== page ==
2nd Air Mechanic Pickering and 2nd Air Mechanic Leach, deposed that the engine and rigging of the machine were in good order before the deceased officer started on his flight, and this was confirmed by 2nd Lieut Francis Kenneth Laver, who had flown in the machine earlier in the afternoon.

Lieut Smallman deposed that he examined the machine shortly after the accident, but could find nothing to explain how the accident occurred. Deceased was seen spinning to the ground, and it was possible that he might have turned giddy ; but he was a strong young fellow, and he did not think this was probable. If this evolution was practised below a certain height it would be impossible for him to recover himself.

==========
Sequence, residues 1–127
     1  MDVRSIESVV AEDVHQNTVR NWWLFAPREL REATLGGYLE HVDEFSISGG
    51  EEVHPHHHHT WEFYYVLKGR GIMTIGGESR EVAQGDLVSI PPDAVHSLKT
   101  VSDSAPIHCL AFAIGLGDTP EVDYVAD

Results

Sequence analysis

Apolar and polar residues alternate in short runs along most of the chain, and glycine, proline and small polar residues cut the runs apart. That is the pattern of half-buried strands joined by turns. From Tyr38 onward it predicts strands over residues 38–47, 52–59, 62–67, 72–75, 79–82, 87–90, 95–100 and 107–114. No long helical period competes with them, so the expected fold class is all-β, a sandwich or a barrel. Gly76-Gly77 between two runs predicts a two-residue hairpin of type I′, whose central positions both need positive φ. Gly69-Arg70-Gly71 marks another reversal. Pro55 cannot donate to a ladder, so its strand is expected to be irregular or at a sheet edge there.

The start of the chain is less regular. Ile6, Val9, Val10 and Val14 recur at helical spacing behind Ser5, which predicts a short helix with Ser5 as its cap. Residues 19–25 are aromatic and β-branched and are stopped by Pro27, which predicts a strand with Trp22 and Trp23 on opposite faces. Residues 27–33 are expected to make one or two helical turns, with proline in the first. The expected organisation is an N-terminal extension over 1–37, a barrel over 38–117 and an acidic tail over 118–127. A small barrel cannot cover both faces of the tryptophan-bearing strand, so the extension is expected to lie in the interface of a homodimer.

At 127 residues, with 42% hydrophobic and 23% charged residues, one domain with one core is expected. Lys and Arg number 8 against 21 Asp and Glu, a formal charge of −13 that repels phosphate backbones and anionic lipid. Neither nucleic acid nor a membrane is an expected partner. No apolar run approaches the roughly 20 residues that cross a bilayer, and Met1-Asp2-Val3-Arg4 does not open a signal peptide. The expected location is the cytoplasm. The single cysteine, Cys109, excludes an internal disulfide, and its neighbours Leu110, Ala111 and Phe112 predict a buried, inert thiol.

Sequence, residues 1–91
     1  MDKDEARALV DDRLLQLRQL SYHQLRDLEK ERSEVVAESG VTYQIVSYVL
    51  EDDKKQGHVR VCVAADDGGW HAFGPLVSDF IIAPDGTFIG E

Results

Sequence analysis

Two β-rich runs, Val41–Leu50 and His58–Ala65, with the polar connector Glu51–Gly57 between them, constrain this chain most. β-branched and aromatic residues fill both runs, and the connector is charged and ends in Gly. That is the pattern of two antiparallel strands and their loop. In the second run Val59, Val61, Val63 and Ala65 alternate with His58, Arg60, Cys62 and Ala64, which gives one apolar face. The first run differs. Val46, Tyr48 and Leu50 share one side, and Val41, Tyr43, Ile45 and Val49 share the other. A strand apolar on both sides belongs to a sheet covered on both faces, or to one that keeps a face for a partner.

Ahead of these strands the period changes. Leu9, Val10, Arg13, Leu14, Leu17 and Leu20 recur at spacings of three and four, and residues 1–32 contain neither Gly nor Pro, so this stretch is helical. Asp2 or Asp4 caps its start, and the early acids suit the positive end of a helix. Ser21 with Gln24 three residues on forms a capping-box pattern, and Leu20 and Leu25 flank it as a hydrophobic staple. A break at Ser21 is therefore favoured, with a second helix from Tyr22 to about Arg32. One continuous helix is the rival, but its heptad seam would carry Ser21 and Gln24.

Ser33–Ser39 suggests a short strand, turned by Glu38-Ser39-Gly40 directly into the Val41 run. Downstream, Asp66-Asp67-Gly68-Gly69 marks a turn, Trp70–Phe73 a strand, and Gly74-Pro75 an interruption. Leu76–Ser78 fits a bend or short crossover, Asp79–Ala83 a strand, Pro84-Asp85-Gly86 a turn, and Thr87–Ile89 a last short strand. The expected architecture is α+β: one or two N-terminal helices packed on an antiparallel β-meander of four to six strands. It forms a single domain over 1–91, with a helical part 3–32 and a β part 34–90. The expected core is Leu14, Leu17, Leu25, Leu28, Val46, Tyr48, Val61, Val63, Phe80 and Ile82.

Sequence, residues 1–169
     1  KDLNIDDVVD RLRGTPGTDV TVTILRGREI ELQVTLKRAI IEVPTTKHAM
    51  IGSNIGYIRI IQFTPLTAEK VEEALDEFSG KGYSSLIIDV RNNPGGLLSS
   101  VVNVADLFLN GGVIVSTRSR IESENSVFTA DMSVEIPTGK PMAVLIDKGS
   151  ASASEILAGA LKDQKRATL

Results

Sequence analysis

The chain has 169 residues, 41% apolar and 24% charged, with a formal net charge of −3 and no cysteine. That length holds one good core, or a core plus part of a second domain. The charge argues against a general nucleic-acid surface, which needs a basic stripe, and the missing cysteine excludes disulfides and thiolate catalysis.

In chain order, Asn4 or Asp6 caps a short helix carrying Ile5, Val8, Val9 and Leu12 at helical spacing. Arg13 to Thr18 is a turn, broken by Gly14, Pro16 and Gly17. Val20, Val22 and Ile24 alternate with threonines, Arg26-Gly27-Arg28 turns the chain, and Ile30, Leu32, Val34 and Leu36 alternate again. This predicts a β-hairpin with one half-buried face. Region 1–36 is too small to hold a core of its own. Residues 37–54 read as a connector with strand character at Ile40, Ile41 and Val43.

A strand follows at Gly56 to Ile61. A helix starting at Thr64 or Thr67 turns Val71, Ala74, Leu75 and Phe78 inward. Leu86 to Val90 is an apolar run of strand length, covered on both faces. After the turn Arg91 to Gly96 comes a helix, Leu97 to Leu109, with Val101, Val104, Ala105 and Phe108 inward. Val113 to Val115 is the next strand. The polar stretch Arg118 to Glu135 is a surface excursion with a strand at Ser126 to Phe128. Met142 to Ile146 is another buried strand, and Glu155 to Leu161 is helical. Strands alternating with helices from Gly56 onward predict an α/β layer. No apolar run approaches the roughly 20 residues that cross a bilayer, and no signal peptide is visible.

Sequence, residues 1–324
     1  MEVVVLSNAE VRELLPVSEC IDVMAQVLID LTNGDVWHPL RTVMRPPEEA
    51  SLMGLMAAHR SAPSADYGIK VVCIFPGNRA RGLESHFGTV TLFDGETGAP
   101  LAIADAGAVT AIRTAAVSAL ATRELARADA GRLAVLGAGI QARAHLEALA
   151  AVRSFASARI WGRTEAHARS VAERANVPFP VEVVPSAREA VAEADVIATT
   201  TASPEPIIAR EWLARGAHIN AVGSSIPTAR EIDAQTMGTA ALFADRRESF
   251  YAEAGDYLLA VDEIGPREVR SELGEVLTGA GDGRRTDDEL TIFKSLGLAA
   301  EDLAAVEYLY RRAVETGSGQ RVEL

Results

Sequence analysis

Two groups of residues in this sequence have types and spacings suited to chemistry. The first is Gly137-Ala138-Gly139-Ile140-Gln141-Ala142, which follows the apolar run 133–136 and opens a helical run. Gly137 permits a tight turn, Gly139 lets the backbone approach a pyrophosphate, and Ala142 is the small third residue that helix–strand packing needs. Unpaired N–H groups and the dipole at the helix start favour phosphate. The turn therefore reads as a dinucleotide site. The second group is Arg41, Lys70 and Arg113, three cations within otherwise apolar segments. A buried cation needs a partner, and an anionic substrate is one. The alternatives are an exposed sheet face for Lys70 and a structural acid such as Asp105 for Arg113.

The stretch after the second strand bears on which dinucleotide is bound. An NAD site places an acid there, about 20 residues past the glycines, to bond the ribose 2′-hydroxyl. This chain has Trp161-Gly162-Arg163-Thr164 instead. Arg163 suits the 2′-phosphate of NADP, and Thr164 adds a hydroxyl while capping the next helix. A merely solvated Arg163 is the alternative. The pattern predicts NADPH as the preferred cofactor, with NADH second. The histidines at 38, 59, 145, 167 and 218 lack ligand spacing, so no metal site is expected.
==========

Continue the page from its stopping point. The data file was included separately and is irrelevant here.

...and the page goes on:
Dolf Farn, mechanic, deposed that he watched the deceased officer flying over the Eastlands Estate. He had been flying very low, but had commenced to climb. When he was about 1,000 feet up he commenced a spiral dive, and when he had come down about 500 feet the machine turned over. Deceased seemed to be trying to right himself, and had he had another dozen feet witness believed he would have done so, because by the time it cleared the hedge the machine was right side up.—By Captain King : Deceased did about six spins before reaching the ground.